A Tale of Two Brothers – a Death in Service Conundrum

4th July 2016

Adam is the marketing director of a successful software company, NuForts Ltd, employing 25 staff.

He is a member of his employer’s pension scheme and the value of his fund currently stands at £800,000. As part of its remuneration package to staff the company also provides death in service cover of 6x salary. Adam currently receives a salary of £125,000 and has nominated his wife Jane to receive his death benefits.

In the event of Adam’s death Jane will receive:

  • Value of Adam’s pension fund: £800,000
  • Death in service lump sum; £750,000

However Jane will have to pay a tax liability of £302,500 on the death in service lump, which will reduce her net benefit to £1,247,500.

Adams’s brother Nathan is the financial director of a successful building maintenance company, NuWells, which is a similar size to NuForts.

He too is a member of his employer’s pension scheme and the value of his fund also stands at £800,000.  In fact Nathan’s remuneration package is exactly the same as Adam’s; he has nominated his wife Kate to receive his death benefits.

In the event of Nathan’s death Kate will receive:

  • Value of Nathan’s pension fund: £800,000
  • Death in service lump sum: £750,000

However Kate will not have to pay any tax on her death in service lump sum, which means her net benefit will be the full £1,550,000.

So why the difference?

Well it is to do with the nature of the death in service schemes.

Adam is a member of NuForts Registered Group Life Scheme while the scheme Nathan set up at NuWells is an Excepted Group Life Scheme.  They might sound like they are the same thing, but the tax treatment is very, very different.

The NuForts Registered Group Life Scheme is governed by Pensions legislation, which means that when benefits become payable, they are assessed against the Lifetime Allowance together with the employee’s pension funds. A tax charge of up to 55% will apply if the limit (which reduced to £1M in April 2016) is breached, significantly depleting the funds available to Jane.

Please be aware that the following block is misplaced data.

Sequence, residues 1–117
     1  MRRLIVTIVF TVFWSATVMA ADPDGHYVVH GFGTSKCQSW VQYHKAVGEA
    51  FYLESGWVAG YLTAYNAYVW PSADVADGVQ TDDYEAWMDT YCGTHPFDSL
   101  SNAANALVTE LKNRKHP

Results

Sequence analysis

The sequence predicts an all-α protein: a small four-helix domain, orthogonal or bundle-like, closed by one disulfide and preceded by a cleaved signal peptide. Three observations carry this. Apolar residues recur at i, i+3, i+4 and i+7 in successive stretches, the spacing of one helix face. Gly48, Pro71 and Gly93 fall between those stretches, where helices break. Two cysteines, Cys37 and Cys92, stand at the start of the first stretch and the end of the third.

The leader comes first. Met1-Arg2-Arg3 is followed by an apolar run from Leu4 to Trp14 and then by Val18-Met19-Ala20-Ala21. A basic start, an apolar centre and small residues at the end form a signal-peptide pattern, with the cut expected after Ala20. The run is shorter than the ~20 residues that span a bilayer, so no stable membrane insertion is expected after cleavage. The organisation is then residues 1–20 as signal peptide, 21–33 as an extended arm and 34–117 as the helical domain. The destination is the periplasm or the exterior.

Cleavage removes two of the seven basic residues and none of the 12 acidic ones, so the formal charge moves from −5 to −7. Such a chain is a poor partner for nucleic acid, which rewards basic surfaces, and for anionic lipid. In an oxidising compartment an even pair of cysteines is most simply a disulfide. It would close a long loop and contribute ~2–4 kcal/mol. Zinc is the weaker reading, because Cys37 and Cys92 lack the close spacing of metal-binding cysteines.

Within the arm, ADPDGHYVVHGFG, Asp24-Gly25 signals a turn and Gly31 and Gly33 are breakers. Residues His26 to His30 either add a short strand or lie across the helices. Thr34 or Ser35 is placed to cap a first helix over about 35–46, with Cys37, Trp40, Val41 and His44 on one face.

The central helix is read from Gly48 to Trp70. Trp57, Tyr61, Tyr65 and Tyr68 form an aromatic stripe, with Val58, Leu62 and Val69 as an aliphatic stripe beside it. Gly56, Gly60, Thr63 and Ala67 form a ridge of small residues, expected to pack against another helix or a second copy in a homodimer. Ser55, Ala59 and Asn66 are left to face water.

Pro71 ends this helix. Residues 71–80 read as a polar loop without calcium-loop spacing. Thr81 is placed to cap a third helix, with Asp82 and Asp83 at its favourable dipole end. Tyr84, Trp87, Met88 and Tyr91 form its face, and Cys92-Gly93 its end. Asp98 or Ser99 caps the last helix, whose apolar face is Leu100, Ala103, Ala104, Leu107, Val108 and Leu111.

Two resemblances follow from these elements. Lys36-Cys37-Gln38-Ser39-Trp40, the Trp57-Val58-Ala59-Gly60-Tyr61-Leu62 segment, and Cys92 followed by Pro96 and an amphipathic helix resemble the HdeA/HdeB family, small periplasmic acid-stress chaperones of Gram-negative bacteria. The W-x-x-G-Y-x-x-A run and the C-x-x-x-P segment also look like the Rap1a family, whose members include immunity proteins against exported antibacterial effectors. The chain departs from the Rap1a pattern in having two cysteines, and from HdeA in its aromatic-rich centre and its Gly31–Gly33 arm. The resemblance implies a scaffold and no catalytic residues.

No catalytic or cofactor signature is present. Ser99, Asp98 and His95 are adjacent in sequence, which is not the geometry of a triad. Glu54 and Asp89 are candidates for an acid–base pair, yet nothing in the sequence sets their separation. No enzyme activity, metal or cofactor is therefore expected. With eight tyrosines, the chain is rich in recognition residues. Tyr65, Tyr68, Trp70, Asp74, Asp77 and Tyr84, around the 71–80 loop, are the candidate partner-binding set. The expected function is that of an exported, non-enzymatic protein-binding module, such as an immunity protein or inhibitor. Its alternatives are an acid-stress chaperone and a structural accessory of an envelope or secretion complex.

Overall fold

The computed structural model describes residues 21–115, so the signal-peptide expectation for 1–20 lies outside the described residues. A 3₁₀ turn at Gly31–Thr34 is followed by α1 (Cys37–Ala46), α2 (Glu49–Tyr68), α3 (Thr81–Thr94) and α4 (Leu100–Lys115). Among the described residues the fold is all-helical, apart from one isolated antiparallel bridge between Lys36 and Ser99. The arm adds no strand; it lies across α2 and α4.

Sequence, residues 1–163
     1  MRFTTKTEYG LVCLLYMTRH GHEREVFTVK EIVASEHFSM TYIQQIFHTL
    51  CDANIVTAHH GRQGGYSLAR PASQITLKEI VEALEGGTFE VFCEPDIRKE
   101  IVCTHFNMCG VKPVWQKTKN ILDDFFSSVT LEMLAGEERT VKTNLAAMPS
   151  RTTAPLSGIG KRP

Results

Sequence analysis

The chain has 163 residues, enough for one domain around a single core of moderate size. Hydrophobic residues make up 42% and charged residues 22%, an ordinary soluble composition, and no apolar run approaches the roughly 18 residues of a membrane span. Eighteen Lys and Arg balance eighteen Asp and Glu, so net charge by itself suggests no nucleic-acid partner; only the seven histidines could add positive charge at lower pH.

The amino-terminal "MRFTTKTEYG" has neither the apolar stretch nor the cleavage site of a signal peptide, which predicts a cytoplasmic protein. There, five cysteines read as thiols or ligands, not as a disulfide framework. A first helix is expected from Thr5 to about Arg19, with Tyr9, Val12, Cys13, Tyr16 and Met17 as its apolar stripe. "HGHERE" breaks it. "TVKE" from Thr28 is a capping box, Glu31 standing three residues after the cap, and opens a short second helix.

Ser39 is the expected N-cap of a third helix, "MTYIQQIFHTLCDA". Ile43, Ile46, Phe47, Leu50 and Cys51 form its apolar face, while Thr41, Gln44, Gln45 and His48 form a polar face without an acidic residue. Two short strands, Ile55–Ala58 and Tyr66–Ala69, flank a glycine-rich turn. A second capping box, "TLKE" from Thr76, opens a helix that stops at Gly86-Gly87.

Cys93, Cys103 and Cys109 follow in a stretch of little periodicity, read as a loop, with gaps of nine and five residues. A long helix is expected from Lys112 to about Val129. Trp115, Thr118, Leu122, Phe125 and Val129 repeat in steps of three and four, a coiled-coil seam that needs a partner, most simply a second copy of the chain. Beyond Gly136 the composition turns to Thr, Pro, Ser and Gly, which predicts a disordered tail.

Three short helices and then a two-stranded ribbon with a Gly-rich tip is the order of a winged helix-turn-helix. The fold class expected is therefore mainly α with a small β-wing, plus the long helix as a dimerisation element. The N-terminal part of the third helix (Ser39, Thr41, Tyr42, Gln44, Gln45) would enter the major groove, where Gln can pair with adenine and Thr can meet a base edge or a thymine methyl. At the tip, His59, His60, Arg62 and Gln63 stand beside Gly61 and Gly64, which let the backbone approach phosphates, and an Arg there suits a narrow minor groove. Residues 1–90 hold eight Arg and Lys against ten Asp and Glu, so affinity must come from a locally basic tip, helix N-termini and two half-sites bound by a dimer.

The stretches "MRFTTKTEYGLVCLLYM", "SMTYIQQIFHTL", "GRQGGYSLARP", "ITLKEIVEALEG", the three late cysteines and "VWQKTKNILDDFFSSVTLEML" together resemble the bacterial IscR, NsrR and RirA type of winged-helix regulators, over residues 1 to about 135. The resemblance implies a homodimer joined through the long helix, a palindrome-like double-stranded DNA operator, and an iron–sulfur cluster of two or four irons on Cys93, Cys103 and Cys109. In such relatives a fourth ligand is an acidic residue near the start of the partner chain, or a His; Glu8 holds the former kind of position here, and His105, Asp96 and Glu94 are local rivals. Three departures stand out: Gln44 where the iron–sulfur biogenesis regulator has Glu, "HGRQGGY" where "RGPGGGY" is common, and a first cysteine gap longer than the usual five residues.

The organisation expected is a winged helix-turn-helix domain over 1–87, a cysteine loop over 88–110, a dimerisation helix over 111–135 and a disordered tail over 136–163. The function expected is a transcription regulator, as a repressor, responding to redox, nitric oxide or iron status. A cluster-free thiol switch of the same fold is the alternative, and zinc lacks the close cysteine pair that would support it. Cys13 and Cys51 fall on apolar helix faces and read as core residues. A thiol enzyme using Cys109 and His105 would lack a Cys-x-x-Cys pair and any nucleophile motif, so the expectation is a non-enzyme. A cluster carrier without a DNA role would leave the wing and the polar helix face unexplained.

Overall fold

The NuWells Excepted Group Life Scheme is not governed by Pensions legislation, which means that the Lifetime Allowance does not apply and therefore no tax charge will be levied.  As a result Kate will receive significantly more (and the tax man will receive nothing).

Both options are attractive to employers as contributions should be deductible against corporation tax. They are also tax efficient for employees as the employer’s contributions aren’t treated as benefits in kind, nor are they assessable for employer or employee National Insurance contributions.

If you have not already done so, you should check which type of scheme your employer is using to provide your death in service lump sum. The next step would be to assess whether the net benefit is sufficient to ensure continuing financial stability for your financial dependents.

Contact us if you have any questions.